Nuñez’s halfhearted attempt to escape fails, and he returns to the village, apologetic and bashful. He explains that his rash actions and violent ways were a symptom of the madness of the newly formed and asks for forgiveness. After a severe whipping, the villagers accept Nuñez into their community and employ him as little more than a serf; among the village hierarchy, he is the lowest, used only for simple tasks and laborious manual work. Dreams of glory and power fade away, and Nuñez tries to grow accustomed to his new life, accepting the condescension of his neighbors and masters. 

(This entire section contains 1035 words.)

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Nuñez’s halfhearted attempt to escape fails, and he returns to the village, apologetic and bashful. He explains that his rash actions and violent ways were a symptom of the madness of the newly formed and asks for forgiveness. After a severe whipping, the villagers accept Nuñez into their community and employ him as little more than a serf; among the village hierarchy, he is the lowest, used only for simple tasks and laborious manual work. Dreams of glory and power fade away, and Nuñez tries to grow accustomed to his new life, accepting the condescension of his neighbors and masters. 

Shortly after, Nuñez encounters a blind girl named Medina, who, by the standards of the blind men in the valley, is unattractive and lacks conventional beauty standards. However, Nuñez is immediately taken with her and vows to pursue her, as he feels that to have Medina would make spending the rest of his life in the country of the blind bearable. He courts her, and the pair fall in love; however, Medina’s father, Yacob, dislikes the prospect of marrying his youngest daughter to the village fool, and he opposes their union on the grounds of Nuñez’s fanciful pretensions at sight.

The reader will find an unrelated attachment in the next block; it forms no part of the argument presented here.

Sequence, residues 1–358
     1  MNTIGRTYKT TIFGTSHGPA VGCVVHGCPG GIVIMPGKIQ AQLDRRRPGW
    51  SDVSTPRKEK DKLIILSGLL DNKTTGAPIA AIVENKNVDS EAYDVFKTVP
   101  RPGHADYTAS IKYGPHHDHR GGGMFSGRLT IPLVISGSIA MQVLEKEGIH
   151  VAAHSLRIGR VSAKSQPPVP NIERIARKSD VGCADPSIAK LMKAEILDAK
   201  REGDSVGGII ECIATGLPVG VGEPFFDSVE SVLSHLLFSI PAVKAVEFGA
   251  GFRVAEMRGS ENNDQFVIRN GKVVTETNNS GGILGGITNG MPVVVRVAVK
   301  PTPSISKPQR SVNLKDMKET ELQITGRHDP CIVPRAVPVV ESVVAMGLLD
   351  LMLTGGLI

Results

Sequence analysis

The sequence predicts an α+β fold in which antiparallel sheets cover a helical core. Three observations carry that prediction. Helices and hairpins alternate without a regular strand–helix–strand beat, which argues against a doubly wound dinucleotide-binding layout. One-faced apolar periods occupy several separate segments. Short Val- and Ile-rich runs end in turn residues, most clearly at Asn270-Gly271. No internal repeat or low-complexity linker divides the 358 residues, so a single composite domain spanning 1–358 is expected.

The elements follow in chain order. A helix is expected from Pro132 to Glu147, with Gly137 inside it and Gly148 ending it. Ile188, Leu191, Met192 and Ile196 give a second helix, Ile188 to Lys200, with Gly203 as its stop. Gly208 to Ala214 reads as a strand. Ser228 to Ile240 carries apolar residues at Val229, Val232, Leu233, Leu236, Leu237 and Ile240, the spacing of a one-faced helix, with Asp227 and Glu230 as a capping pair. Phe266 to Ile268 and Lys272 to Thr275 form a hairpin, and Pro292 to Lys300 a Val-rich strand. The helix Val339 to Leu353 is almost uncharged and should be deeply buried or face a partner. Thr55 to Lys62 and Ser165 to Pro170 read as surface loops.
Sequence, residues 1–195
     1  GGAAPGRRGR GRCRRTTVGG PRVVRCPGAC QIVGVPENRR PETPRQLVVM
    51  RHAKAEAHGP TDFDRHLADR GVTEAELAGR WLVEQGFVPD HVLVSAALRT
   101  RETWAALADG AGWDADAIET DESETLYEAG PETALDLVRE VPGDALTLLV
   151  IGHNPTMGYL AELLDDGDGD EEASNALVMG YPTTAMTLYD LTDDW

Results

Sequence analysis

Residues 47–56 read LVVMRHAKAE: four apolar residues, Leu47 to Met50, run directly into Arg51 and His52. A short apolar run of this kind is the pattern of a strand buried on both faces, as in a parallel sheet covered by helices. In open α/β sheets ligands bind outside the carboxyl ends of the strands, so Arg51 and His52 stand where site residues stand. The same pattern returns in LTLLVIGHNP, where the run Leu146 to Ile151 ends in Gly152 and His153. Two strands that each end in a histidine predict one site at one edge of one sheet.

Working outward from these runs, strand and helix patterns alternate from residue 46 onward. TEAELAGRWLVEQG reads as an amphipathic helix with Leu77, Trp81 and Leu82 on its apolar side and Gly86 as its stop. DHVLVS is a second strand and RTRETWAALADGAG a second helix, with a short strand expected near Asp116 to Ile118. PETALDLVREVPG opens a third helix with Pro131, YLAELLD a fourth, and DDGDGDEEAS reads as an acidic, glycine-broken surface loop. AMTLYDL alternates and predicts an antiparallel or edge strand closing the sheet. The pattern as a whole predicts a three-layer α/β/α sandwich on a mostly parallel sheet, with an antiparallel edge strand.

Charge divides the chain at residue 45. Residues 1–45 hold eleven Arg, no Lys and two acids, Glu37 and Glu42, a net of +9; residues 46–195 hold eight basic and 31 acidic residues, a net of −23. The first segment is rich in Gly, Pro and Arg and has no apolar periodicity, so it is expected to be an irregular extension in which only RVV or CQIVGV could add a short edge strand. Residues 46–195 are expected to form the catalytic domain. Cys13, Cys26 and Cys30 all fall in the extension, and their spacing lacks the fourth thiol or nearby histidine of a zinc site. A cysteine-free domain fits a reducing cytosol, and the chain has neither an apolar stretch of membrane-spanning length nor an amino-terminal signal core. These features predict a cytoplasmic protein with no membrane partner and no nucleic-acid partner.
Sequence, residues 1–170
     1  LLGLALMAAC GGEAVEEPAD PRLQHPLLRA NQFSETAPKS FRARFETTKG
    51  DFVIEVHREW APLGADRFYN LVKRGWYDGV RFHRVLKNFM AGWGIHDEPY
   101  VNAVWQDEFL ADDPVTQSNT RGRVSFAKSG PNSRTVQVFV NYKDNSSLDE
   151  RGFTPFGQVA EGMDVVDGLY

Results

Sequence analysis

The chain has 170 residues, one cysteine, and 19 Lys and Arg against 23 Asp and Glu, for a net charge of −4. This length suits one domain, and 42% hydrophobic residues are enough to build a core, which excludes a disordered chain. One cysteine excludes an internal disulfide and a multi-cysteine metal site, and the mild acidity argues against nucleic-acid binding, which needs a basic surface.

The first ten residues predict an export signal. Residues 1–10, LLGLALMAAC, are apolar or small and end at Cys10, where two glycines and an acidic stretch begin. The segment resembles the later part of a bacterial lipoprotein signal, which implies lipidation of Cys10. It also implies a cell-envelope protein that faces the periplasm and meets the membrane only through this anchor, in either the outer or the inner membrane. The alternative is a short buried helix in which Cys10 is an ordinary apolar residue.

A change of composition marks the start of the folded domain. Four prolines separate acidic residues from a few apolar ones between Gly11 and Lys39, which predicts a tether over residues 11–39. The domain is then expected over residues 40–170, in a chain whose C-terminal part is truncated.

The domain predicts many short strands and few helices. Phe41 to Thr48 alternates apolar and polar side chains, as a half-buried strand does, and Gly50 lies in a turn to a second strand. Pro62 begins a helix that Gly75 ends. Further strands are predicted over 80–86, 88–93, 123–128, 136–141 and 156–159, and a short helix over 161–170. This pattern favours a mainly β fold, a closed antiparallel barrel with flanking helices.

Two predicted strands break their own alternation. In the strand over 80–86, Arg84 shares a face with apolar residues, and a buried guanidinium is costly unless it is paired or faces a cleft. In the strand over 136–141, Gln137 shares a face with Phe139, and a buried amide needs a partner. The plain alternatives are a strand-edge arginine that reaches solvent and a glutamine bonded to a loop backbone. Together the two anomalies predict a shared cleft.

Yacob is troubled and speaks to the village elders about their plight. He explains that he likes Nuñez, and the man grows saner the longer he remains in the village, but he still struggles with Nuñez’s strange worldview. One of the elders, a wise physician, suggests that perhaps Nuñez’s madness is physiologically induced and recommends the removal of his eyes, as he believes these foreign organs are responsible for his strange speech and half-mad beliefs. Indeed, the elder explains, Nuñez’s constant obsession with a nonexistent sense is causing his irrational behavior. Relieved, Yacob agrees to the marriage so long as Nuñez agrees to surgically remove his eyes. The latter is unimpressed with the arrangement but agrees out of love for Medina. 

As the sun sets on the evening before his surgery, Nuñez preemptively mourns all that he will lose: he gazes at Medina’s face, observes the golden rays of ebbing light, and looks at the mountainous splendor surrounding him. The natural views strike a deep inner chord, and he changes his mind. Still staring at the mountains ahead, Nuñez begins to walk. His journey leads him away from the village, away from Medina, and away from his notions of grandeur. Humbled and grateful, Nuñez begins to climb, and the arduous process leaves him bloody but invigorated. His clothing lies in tatters, and his hands are torn from climbing; however, as the sun sets over the valley, Nuñez is happier than he has been since his arrival. He is cold, hungry, and in pain, but the stars above are bright and comforting. The story ends as the mountaineer begins his journey home. Whether he summits the mountain and returns home is unclear; readers are left with the vision of Nuñez peacefully resting on the mountainside, finally content with what he has.